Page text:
Clever Pictures

The other day, when I went for my regular jog in the morning, I found interesting pictures on the fences that were there to prevent people from falling into the river. When the pictures are seen from a distance and at an angle, you can see cute figures. But when get close, it is difficult to determine what the pictures really are.

Below are pictures I took. I think they are clever and interesting.

Close-up of the picture of the tomato

Close-up of the picture of the rabbit

Two pigeons - lovey-dovey over the pictures of eagles


The Rain

How do you take photos of the rain?

That was a question I never thought of until I tried it on Friday.
I thought it may be a good idea to make it my theme for my blog this time. But when I took my little digital camera outside in the rain, I noticed that it wasn't actually so easy.

When I tried to take photos outside, the rainfall was very difficult to capture.
Only if the downfall was very hard, then sometimes it showed as we normally see (stream of lines - I guess that we "see" rain drops to be), but when I used the flash, it was then seen that each droplet was actually of semi-round shape.

So I tried to photograph it on different ways - (1) ripples are obvious, (2) try to take photos of wet things, (3) people with umbrellas - but these are just "effects" caused by the rain.

Here, I show you some of the photos of my theme this time - "the rain."

Here's a photo of my reflection on a car window.

Ripples on a puddle.

A person with an umbrella walking in a park.

Hard rain could actually be seen on this old steam locomotive.

Wet hydrangea leaves - flowers are yet to come.

Later on in the evening, a photo taken with a flash. We can see white semi-round rain droplets.


Seto Ohashi Bridge 15K

Today, I participated in a 15K run to celebrate the 20th year of Seto Ohashi Bridge. It was very special for me for my father ran the 10K run for the opening of the bridge in 1988.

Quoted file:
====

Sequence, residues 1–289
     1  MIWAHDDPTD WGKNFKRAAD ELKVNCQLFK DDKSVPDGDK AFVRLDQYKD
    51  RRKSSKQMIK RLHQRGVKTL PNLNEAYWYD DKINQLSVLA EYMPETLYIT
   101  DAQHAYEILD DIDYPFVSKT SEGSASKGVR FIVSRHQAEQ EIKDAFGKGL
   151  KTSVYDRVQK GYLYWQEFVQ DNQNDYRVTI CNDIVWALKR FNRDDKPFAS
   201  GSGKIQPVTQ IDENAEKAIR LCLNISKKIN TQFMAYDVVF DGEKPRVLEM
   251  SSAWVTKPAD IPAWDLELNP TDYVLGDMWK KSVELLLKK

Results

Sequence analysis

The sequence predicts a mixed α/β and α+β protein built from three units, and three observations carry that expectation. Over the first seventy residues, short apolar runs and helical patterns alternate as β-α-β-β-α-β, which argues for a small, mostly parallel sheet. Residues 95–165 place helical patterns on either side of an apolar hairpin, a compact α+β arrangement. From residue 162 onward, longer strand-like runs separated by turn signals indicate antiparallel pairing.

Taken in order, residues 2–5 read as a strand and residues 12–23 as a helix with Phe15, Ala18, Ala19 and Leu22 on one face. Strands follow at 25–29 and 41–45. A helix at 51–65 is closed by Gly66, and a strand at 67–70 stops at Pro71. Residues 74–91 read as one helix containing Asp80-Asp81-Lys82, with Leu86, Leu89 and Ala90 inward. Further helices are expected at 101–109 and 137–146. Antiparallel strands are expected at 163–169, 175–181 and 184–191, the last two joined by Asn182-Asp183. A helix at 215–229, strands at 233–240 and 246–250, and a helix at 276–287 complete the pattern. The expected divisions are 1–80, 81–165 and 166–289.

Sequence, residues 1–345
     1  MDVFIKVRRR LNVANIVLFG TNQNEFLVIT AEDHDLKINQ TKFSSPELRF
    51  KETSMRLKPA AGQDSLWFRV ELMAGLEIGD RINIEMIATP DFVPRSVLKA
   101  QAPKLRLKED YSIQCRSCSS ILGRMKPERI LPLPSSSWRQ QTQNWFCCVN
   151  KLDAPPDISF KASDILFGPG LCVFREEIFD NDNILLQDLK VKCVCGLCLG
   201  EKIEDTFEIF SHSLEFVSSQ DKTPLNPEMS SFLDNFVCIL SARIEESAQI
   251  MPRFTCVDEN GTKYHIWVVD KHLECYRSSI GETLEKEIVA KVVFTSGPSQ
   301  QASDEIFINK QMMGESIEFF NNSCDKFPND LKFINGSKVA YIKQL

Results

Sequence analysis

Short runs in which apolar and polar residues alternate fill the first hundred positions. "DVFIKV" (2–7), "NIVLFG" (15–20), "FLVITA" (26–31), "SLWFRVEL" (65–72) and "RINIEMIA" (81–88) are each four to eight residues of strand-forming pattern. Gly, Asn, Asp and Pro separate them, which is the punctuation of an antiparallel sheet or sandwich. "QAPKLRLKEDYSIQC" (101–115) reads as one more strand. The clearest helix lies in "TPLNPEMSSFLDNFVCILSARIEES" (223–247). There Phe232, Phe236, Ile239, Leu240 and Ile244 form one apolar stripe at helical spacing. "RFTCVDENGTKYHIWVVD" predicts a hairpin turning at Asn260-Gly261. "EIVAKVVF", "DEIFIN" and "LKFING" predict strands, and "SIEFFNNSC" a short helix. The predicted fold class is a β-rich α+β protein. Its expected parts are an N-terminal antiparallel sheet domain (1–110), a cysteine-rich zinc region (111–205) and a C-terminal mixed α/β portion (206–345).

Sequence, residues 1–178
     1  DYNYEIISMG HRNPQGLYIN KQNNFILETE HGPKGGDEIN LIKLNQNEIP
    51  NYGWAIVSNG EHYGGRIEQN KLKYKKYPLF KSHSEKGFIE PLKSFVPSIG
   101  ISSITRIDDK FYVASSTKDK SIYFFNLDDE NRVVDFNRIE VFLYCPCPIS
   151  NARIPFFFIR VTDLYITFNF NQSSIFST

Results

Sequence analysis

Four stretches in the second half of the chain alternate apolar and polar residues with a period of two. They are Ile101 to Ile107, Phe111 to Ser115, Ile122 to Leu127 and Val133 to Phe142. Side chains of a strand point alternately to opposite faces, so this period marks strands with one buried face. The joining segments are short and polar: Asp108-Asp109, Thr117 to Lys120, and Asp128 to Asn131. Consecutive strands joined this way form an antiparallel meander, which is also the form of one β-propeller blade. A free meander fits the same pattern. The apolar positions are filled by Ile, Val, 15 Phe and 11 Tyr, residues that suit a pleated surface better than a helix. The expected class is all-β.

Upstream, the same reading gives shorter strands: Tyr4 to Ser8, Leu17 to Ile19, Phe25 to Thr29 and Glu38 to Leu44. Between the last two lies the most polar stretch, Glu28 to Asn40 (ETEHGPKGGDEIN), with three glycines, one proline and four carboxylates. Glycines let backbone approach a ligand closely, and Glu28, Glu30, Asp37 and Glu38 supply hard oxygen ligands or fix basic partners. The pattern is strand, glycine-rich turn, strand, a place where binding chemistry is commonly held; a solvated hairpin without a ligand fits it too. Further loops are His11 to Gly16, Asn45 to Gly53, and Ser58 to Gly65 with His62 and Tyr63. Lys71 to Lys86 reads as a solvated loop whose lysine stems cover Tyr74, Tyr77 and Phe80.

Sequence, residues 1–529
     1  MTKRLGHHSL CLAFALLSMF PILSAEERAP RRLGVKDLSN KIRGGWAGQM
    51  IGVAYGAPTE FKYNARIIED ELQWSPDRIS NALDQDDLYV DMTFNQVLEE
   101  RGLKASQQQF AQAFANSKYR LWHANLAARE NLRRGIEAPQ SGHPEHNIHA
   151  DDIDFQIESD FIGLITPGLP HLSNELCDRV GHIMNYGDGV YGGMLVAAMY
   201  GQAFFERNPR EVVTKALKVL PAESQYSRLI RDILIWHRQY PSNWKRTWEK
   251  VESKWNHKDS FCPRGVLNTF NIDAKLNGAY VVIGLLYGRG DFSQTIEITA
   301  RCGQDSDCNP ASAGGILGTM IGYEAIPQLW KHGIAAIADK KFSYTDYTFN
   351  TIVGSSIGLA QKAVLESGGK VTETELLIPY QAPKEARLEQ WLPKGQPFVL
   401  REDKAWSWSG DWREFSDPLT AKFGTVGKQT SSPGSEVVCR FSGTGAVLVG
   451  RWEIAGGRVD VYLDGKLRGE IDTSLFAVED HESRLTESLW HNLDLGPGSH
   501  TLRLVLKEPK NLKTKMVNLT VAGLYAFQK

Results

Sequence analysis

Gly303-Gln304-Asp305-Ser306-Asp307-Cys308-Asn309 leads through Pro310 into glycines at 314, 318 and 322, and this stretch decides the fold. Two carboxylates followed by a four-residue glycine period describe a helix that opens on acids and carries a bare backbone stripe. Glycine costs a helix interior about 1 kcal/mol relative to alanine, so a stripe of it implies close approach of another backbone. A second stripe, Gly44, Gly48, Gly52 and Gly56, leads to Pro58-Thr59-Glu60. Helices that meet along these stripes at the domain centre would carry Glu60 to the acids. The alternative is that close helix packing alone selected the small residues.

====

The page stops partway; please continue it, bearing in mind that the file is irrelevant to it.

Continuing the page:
Some 4,500 people participated in the 15K and another 6,800 enjoyed the 8K fun run and 5K walk.

After an opening ceremony, the run started out at 9:00 at Yoshima, a little island that hosts a service area and information center in the middle of the approx. 13 km-long total length of the bridges.

Above: a photo of Yoshima Plaza and the series of suspension bridges seen from the bridge deck towards Shikoku Island (looking south)

Above: a photo of series of cable stayed bridges towards Honshu (main) Island viewed from Yoshima (looking north)

The hardest part of the run was at the very first part of the run. We had to run up the ramp from Yoshima to the deck part of the bridges - that is 60m in height.

Above: runners waiting for the race - "the ramp" to the bridge decks is seen in the back

After making it up to the deck (about 1km point), then we ran to the 6.4km turn-around point on the Shikoku side.

From that point on, we had to run against the wind for a while, but most of the way, it was fairly comfortable.

Photo taken approx. at 12 km point - entering the cable stayed bridge area.

In a beautiful spring weather, I could enjoy a wonderful opportunity to run on these amazing bridges.

My time was approx. 72 min. 40 sec. or about 4 min. 50 sec. per km pace.
That wasn't too bad considering the first part - the big climb - certainly slowed me down quite a bit.


Fallen petals...

One unfortunate thing about cherry flowers is that although they are truly wonderful, they don't stay very long.
We were lucky to have them longer than usual this year, but the rain and winds that came earlier this week washed most of them away.
The good things don't last long - I guess it is same for many things.

But new leaves and flowers are appearing and I look forward to the next stage of the spring season.

Cherry petals fell on the pond in the park near by - this was last weekend.

Most of the cherry flower petals fell due to rain and winds of earlier this week.

The last of cherry flowers cling on to the branches.

Azalea flowers are waiting for their turn to show off.


Spring arrives at a country town

Friday, I returned to the country town I visited a month ago. It was still colder than Tokyo, but spring had come, even there.

The sun came up over the mountains as I took a peaceful jog.

Cherry blossoms were not ready, but plum flowers were pretty.

Field horsetails (Equisetum arvense: "tsukushi" in Japanese) were seen on roadsides.